Against the Refers box, paste the formula copied above. The formula must start with an equal sign (=). To make any changes to the formula once pasted, press the F2 key to enter the editing mode.


 Click ‘Okay’ to save it.
Testing the function!
Guess what? We are all done. It’s time we test the function we’ve just created.

 Activate a cell and begin writing with an equal to sign:
= DIVISION (
Must Note!
Did you notice something? As soon as you typed the first three letters of DIV, Excel identified it as a function. This means the DIVISION function is now saved to the Excel functions library. Using a custom function after it’s created in Excel is seamless enough.

 The first argument of the DIVISION function is ‘dividend’.
= DIVISION ( A1
We have created a reference to cell A1 as the first argument it contains the number to be divided.

 The second argument of the DIVISION function is ‘divisor’.
= DIVISION (A1, A2)
We have created a reference to cell A2 as the second argument contains the divisor.

 Hit ‘Enter’ to see the results as follows.
Excel runs the division function as intended i.e. Dividend / Divisor.
That’s how you can create and save any function in Excel.
Things to Remember about the LAMBDA function
To have a seamless experience creating and running functions with the LAMBDA function, take note of the following:

 The function or parameter name must not be longer than 255 characters.
 It must not start with any punctuation mark except for an underscore ( _ ) or backslash ( \ ).
 Do not use names that coincide with the names of builtin Excel functions.
 Do not use names that are similar to cell references like AAB1 etc.
 Must not enter more than 253 parameters into a single LAMBDA function.
Lambda Function Examples
We are already across one basic example of creating a function in Excel using LAMBDA. Rest is all about practice. By introducing the LAMBDA function, Microsoft Excel has set forth limitless opportunities for Excel users to create functions.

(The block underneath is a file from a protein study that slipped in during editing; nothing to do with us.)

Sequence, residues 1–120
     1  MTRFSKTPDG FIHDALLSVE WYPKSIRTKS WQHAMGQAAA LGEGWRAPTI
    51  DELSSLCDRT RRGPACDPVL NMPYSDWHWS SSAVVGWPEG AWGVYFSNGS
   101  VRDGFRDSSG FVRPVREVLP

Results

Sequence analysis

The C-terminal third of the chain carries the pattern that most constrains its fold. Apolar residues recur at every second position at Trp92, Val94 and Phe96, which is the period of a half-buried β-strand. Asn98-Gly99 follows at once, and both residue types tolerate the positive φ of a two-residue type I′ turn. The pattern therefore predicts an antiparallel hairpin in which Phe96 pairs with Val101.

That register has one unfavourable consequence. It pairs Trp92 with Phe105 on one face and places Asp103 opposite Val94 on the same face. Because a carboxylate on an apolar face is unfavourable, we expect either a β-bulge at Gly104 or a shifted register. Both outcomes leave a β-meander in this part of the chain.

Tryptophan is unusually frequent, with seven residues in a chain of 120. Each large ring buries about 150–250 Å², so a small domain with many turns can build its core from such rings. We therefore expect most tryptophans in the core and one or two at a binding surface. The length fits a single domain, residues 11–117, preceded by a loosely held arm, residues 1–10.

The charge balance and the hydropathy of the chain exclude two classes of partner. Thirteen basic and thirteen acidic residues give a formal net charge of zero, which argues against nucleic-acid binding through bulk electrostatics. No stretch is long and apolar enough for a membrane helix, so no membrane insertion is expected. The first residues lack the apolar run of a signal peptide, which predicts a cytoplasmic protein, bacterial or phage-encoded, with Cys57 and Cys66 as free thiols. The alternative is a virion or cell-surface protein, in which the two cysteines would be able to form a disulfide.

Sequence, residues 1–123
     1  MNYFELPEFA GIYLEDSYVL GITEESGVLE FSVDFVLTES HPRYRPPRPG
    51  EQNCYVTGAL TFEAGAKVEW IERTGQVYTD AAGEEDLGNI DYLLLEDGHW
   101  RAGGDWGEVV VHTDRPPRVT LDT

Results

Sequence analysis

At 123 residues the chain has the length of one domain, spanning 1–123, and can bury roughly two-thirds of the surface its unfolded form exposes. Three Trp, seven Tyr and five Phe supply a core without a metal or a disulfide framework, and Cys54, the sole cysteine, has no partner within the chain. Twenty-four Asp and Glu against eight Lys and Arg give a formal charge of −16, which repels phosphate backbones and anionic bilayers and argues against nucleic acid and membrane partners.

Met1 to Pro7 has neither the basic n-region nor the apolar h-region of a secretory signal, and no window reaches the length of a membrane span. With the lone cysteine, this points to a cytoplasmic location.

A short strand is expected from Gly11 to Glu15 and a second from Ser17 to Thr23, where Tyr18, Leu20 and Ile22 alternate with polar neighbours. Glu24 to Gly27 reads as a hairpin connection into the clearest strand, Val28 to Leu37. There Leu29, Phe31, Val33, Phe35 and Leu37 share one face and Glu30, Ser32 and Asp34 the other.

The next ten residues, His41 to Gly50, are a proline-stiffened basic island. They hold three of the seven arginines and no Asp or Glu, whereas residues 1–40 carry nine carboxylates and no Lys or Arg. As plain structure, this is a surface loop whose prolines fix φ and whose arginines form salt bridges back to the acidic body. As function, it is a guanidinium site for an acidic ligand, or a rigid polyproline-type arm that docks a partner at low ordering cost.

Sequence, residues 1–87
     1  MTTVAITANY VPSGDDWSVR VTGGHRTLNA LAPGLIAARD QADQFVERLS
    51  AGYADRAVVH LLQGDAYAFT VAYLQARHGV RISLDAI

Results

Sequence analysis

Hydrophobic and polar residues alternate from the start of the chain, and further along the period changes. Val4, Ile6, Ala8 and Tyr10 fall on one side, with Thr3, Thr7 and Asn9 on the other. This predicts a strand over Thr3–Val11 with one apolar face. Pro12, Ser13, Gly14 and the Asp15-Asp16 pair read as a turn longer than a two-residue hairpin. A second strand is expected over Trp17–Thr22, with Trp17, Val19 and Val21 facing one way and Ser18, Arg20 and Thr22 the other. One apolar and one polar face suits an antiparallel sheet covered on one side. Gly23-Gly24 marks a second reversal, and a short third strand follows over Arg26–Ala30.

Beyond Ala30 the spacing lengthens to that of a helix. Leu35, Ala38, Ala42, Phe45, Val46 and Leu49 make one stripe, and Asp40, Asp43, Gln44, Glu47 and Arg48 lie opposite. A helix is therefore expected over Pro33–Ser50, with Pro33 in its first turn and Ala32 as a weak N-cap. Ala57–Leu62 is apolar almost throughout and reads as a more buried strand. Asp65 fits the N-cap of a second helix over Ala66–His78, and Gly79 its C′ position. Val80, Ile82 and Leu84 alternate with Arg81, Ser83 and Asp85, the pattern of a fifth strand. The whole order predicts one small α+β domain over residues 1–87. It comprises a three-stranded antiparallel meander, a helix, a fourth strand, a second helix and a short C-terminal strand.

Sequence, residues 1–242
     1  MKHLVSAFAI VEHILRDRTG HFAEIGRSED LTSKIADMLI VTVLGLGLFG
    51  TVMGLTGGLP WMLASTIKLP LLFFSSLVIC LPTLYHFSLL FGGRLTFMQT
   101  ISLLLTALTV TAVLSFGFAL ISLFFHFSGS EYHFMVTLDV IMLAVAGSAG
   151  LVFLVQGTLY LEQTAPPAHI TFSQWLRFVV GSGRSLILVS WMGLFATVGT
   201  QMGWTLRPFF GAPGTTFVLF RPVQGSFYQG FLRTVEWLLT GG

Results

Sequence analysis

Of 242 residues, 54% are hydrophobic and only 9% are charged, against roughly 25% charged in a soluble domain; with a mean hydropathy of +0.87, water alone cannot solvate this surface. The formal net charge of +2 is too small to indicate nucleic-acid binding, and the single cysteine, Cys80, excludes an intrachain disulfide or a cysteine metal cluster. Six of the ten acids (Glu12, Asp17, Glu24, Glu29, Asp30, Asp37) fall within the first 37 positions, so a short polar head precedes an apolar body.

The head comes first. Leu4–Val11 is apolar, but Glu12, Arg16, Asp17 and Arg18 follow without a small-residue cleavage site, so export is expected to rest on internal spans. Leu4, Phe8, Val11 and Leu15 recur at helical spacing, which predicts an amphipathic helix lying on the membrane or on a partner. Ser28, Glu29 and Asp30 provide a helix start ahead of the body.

Let’s see some more examples of how you can create amazing functions in Excel which you always thought should’ve been there!
Example No. 1: Basic Formula
Remember the formula for finding the area of a rightangled triangle? No?
Neither do we. Let’s feed it into Excel as a function so that the memorizing responsibility shifts to Excel.
Step 1:

 The formula for finding the area of a triangle is as follows:
= (b*h) / 2
B = Base of the triangle; and
H = Height of the triangle

 Launch the LAMBDA function to create your function
= LAMBDA (

 Define the parameters (arguments). So our core formula has two parameters and is:
= (Base * Height) / 2

 Let’s formulate this into the LAMBDA function.
We want our function to have two input values, the base, and the height.

 Write both these as the input parameters of the LAMBDA function.
= LAMBDA ( Base, Height,

 Next, define the calculation (the formula).
= LAMBDA ( Base, Height, (Base*Height)/2 )
The LAMBDA function is all complete and set to go.
Step 2:
Time to test the LAMBDA function!

 Give it the input values for base and height right after the parenthesis is closed.
= LAMBDA ( Base, Height, Base / Height ) (A2, B2)

 The LAMBDA function will test the formula (Base*Height / 2) using the values in Cell A2 and B2.
The answer is 6. The result provided by the TAREA function adheres to the result of the simple formula (= (4*3)/2).
This means we are all good to go.

 Copy the following part of the LAMBDA formula.
= LAMBDA ( Base, Height, Base / Height )

 Go to Formula > Defined Names > Name Manager.
 This launches the name manager as shown below.

 From the Name Manager dialog box, Click ‘New’ as highlighted above.

 In the Name Manager, fill in the following fields:


 Against the Name box, type a suitable name for the function. We are setting it as TAREA.
 Against the Scope box, choose ‘Workbook’.
 Against the Refers box, paste the formula copied above.


 Click ‘Okay’ to save it.
Step 4:
And we are all done. Let’s test the function we’ve just created.
Here we have some data points for the base and height of a triangle.

 To find the area using these data points, activate a cell and begin writing with an equal to sign:
= TAREA (
As soon as you type the first few letters, Excel identifies it as a function.

 The first argument of the TAREA function is ‘base’.
= TAREA ( A2
We have created a reference to cell A1 as the first argument it contains the bases.

 The second argument of the TAREA function is ‘height’.
= TAREA (A2, B2)
We have created a reference to cell B2 as the second argument contains the height.

 Hit ‘Enter’ to see the results as follows.
Viola! Excel runs the TAREA function as intended i.e. (Base*Height) / 2.
With this, you now have your function for calculating the area of a triangle in Excel.
Pro Tip!
Unlike ordinary functions, as you begin typing a Custom Lambda, Excel won’t show a descriptive text for the function. For inbuilt functions, this short text explains what the function is meant to do.